Second Enrollment. This isn’t being engaged because it’s on my position description, or because I’m going to be evaluated for it and compensated appropriately. This type of enrollment is strictly voluntary—the gathering of advocates, promoters, supporters, workers because they believe in you, want to go with you. It’s having followers. Vision and enrollment go hand in hand; people see where you are going and get on the bus. Dr. Stumbo is more down-to-earth than he is dramatic; you wouldn’t be attracted to his charisma, you’d be attracted to his passion. He’s simply passionate about Jesus and about what the C&MA is doing around the world for Christ’s kingdom. His passion and authenticity draws people to follow him with that same passion.
Third Commitment. John’s recent history includes a long, debilitating, life-threatening disease that almost took his life. Giving all glory to God for his healing, he’d say he’s mostly restored. “Mostly” one would never know that by watching his actions. During Dr. Stumbo’s first year as president he’s been on the road with over one hundred speaking engagements: district conferences, churches, leadership forums, retreats, and missionary conferences around the world. His commitment is earnest and sacrificial. He’s sharing vision, teaching and listening; listening to the rank and file, helping us realize we’re all a part of this endeavor. His pace and passion is a great example to all of us.
Fourth Integrity. From Dr. Stumbo’s widely cast demonstration of commitment and his genuine story, he’s become a type for others to follow. Others will continue to follow this leader as long as his behaviors continue to reflect a life in keeping with the vision that he’s communicated.
Fifth Communication. His communication is compelling and it’s consistent. Every month he offers a video blog designed for senior church and mission leaders (see link above). These blogs, his books, along with his ambitious schedule create an environment of communication and accessibility to the president that hasn’t been known previously.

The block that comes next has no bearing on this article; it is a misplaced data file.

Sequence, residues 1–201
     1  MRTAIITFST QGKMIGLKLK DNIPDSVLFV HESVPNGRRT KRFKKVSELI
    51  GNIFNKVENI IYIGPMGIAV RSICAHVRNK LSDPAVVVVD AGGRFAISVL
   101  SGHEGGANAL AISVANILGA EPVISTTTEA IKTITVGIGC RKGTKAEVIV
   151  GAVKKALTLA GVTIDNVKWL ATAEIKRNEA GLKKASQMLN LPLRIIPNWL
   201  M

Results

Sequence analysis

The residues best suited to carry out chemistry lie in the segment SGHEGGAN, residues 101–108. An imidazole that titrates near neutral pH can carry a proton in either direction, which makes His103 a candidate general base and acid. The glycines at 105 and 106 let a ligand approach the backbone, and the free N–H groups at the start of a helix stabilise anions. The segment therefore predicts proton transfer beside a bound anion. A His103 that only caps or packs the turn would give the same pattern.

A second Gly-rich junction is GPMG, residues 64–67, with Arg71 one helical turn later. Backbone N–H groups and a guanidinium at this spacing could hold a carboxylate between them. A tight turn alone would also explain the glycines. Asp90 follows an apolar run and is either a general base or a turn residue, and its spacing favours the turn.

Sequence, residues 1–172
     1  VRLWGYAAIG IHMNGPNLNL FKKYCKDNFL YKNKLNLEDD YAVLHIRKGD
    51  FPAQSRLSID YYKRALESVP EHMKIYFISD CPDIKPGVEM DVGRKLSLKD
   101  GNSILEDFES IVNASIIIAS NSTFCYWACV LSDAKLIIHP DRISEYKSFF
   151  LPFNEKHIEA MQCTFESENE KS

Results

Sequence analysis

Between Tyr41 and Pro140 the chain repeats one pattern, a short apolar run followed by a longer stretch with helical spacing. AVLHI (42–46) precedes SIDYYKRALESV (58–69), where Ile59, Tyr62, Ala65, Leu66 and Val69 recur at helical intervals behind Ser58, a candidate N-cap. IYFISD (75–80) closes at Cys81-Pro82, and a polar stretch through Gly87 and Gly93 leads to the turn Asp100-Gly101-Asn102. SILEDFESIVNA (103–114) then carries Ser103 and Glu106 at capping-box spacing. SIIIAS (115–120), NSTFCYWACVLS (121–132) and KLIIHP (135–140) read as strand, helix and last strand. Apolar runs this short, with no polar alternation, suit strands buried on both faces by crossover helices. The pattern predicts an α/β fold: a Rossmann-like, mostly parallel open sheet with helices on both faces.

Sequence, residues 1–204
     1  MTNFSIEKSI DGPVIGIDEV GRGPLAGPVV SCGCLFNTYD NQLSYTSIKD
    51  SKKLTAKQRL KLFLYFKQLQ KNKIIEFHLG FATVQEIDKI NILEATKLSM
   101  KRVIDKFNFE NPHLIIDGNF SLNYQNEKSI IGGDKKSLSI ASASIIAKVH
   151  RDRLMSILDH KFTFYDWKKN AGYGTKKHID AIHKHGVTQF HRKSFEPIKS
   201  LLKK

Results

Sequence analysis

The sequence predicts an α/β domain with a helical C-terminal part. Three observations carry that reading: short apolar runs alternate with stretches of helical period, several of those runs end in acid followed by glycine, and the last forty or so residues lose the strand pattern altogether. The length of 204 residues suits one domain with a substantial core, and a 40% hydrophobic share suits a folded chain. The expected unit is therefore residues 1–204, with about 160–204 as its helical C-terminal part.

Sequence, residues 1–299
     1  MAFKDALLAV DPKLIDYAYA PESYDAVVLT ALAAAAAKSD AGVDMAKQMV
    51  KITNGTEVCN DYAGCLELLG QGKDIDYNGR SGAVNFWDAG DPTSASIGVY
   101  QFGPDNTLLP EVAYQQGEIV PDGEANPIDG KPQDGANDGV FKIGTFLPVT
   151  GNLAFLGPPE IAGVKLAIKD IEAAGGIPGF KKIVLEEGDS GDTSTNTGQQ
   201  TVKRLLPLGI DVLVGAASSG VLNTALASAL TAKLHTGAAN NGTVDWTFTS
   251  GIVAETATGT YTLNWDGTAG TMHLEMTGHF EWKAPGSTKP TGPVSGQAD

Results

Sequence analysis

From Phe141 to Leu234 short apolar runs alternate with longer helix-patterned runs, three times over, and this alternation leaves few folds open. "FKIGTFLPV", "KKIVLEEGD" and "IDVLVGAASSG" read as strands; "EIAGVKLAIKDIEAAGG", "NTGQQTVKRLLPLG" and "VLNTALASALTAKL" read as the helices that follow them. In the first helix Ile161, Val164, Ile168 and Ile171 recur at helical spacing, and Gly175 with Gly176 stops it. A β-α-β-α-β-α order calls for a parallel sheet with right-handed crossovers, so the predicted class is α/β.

Sixth Authenticity. According to Mark Zupan, “A number of prominent scholars, leaders, and writes have pointed to the importance of authenticity, character, or “being” as an essential aspect of leadership”. He goes on to quote Frances Hesselbein, admired former CEO of the Girl Scouts and the Peter Drucker Foundation: “Leadership is a matter of how to be, not how to do.” Dr. Stumbo drips with authenticity; meet him in person, read a book, watch a video blog – he is vulnerable and authentic. He’s all out there, so when you experience his leadership you’re getting to know the person.
You might be surprised from reading this post that I don’t consider myself a C&MA cheerleader. I’d count myself as one of the many walking wounded when it comes to encountering denominational leaders. Yet this man makes me believe I can be better than I am. He calls me to a higher vision and a broader vision. Because of his leadership, I’m trusting that a fresh wind of the Spirit is coming our way.
 Nitin Nohria and Rakesh Khurana, eds., Handbook of Leadership Theory and Practice: an Hbs Centennial Colloquium On Advancing Leadership (Boston, MA: Harvard Business Review Press, 2010), 265-290.
 Ibid., 267.
 Ibid., 269.
 Nitin Nohria and Rakesh Khurana, eds., Handbook of Leadership Theory and Practice: an Hbs Centennial Colloquium On Advancing Leadership (Boston, MA: Harvard Business Review Press, 2010), 269.
 Ibid., 285-286.